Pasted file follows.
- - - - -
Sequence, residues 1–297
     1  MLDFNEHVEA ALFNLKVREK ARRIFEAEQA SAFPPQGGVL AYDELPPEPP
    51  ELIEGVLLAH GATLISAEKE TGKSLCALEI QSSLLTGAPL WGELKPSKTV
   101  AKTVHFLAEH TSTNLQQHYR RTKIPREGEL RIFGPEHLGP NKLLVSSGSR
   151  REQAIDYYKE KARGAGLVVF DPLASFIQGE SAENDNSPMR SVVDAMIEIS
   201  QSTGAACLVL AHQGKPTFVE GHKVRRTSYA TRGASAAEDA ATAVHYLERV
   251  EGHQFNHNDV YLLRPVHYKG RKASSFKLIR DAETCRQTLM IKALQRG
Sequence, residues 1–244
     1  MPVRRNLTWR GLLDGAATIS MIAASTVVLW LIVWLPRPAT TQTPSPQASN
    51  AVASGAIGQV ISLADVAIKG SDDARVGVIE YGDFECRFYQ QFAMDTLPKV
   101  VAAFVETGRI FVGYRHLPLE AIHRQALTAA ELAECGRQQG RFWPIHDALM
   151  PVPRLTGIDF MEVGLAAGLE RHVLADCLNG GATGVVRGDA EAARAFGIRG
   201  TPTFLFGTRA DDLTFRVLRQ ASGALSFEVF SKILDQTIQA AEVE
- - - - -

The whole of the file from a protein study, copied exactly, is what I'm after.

Sequence, residues 1–297
     1  MLDFNEHVEA ALFNLKVREK ARRIFEAEQA SAFPPQGGVL AYDELPPEPP
    51  ELIEGVLLAH GATLISAEKE TGKSLCALEI QSSLLTGAPL WGELKPSKTV
   101  AKTVHFLAEH TSTNLQQHYR RTKIPREGEL RIFGPEHLGP NKLLVSSGSR
   151  REQAIDYYKE KARGAGLVVF DPLASFIQGE SAENDNSPMR SVVDAMIEIS
   201  QSTGAACLVL AHQGKPTFVE GHKVRRTSYA TRGASAAEDA ATAVHYLERV
   251  EGHQFNHNDV YLLRPVHYKG RKASSFKLIR DAETCRQTLM IKALQRG
Sequence, residues 1–244
     1  MPVRRNLTWR GLLDGAATIS MIAASTVVLW LIVWLPRPAT TQTPSPQASN
    51  AVASGAIGQV ISLADVAIKG SDDARVGVIE YGDFECRFYQ QFAMDTLPKV
   101  VAAFVETGRI FVGYRHLPLE AIHRQALTAA ELAECGRQQG RFWPIHDALM
   151  PVPRLTGIDF MEVGLAAGLE RHVLADCLNG GATGVVRGDA EAARAFGIRG
   201  TPTFLFGTRA DDLTFRVLRQ ASGALSFEVF SKILDQTIQA AEVE